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BAE tackles DARPA intel project

Jan. 17, 2014 - 04:10PM   |  
By MICHAEL PECK   |   Comments
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BAE has put together a team to develop Phase II of DARPA's Insight intelligence analysis project.

BAE won the $79 million contract last year. The company will be the prime contractor on a team consisting of Lockheed Martin Advanced Technology Laboratories, SAIC, Charles River Analytics, Intific, Aptima, HF Designworks and PatchPlus Consulting, according to a BAE statement.

The Insight program aims to develop a system that will automatically fuse multi-source data from numerous sensors, and then employ algorithms to detect and predict the behavior of potential threats. During Phase I, BAE developed what it describes as "an automatic/semi-automatic system for exploitation and resource management, as well as sensor models for testing the Insight system under a wider variety of operational conditions." The focus of the first phase was on supporting brigades and battalions engaged in irregular warfare. Phase II will add integration of space, air, sea, and ground sensors, as well as human intelligence and intelligence repositories.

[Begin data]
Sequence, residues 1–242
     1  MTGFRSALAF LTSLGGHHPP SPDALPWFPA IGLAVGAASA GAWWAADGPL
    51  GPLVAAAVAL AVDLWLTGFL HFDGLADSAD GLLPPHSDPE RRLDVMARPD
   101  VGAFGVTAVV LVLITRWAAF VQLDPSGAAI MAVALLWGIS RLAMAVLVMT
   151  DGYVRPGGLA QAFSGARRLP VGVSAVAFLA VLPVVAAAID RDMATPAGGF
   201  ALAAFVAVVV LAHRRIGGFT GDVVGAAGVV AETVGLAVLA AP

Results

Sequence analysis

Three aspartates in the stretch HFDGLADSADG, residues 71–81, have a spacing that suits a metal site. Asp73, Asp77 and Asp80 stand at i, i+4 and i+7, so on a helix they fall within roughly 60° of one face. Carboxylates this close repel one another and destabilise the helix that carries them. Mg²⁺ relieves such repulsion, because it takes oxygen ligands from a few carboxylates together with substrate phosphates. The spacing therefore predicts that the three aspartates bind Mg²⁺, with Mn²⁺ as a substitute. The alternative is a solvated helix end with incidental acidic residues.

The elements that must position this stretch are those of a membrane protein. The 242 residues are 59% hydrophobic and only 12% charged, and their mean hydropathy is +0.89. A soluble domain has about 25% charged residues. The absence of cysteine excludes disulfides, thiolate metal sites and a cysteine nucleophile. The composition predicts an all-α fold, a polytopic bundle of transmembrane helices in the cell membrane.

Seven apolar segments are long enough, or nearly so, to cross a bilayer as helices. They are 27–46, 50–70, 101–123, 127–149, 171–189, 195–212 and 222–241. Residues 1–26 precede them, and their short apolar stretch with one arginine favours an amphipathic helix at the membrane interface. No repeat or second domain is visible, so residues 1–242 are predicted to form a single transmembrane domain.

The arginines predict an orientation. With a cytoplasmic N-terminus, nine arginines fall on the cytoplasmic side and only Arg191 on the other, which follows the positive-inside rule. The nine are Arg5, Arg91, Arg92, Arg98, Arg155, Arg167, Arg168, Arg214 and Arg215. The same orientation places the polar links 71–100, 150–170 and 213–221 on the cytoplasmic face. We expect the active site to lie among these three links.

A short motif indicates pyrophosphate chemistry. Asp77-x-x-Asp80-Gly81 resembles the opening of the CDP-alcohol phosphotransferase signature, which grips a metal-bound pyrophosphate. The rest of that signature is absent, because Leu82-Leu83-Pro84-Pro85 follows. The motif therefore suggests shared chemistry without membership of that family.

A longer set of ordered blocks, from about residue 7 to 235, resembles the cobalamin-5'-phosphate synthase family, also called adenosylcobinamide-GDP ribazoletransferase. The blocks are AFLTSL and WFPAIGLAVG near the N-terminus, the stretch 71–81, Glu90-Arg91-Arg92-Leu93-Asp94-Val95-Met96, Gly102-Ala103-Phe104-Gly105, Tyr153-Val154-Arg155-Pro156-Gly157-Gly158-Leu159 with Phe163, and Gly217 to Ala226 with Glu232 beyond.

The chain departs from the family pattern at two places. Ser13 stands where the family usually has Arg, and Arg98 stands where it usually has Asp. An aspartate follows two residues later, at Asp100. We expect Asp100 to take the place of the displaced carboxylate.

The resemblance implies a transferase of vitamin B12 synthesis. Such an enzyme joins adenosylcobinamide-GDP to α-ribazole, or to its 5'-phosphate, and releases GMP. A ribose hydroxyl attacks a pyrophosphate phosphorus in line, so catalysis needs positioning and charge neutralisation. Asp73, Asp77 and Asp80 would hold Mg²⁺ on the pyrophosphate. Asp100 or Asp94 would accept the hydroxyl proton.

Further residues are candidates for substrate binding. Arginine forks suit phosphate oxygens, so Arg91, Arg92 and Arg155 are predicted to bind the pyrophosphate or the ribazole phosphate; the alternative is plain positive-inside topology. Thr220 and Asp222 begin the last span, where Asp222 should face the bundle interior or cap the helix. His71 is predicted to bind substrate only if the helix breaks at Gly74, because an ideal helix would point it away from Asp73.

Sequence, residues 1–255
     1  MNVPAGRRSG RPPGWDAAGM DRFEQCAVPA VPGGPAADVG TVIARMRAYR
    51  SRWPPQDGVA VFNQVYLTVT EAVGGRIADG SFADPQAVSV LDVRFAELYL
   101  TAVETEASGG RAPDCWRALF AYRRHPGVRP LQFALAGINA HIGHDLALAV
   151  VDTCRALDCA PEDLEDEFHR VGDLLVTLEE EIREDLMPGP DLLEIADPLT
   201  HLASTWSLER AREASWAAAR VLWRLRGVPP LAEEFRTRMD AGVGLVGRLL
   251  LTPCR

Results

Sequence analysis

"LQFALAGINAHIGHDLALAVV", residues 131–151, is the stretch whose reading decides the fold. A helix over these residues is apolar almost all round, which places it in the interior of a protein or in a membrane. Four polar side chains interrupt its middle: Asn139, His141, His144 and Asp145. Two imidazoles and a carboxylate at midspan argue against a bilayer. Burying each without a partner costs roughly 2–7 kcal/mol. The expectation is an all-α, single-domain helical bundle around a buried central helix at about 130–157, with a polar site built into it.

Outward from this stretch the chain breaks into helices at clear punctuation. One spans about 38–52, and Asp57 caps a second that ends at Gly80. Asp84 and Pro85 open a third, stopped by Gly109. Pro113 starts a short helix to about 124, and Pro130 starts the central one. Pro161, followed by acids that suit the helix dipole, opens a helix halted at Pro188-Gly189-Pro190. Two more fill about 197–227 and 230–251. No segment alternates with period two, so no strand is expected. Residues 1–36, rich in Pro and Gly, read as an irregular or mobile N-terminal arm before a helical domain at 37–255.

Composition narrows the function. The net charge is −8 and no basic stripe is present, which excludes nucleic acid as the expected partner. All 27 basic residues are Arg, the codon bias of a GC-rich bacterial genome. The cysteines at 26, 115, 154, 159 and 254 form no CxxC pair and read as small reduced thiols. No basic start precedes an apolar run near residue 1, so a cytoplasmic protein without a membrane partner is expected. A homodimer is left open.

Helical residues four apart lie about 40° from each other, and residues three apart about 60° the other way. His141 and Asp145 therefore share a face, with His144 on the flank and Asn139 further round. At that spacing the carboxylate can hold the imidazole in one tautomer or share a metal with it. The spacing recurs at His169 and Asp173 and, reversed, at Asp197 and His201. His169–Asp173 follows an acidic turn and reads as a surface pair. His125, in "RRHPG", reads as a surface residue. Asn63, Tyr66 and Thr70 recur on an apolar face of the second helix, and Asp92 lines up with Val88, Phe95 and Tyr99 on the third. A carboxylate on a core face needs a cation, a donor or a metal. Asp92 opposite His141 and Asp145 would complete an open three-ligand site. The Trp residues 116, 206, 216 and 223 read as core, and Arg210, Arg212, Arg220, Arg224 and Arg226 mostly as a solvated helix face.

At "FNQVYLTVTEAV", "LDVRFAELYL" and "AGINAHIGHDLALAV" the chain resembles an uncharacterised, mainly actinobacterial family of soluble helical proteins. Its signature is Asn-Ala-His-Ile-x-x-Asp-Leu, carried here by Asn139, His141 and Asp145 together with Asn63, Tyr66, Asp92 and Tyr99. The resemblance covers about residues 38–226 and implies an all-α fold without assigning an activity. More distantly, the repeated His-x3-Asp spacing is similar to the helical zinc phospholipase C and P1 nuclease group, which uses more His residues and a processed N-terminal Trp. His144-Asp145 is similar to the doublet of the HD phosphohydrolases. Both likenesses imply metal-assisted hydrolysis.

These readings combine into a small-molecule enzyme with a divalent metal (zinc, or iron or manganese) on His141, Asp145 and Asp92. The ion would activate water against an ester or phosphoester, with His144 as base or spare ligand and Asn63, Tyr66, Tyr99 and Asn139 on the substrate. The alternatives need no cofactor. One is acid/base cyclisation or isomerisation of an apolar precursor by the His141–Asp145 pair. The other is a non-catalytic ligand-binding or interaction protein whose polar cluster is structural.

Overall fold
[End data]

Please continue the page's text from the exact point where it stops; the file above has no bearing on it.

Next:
BAE Systems has invested in developing a portfolio of sensor data processing and exploitation systems to provide analysts with usable intelligence and intuitive, easy-to-use sensor controls, said David Logan, vice president of Technology Solutions at BAE. We are able to capitalize on the core technologies weve developed for other intelligence programs, including multi-sensor fusion, reasoning algorithms, and automatic resource tasking, while advancing our expertise in this area.

Charles River Analytics also released a statement on its win of a $1.25 million follow-on contract for Insight. The company noted that Insight will support several types of missions, such as as mobile missile hunts, counterinsurgency, wide-area security, and integrated air defense. "The Insight initiative has given us an excellent opportunity to blend our sound human factors design principles with highly complex computational systems, said Dr. Jonathan Pfautz, vice president for cognitive systems.

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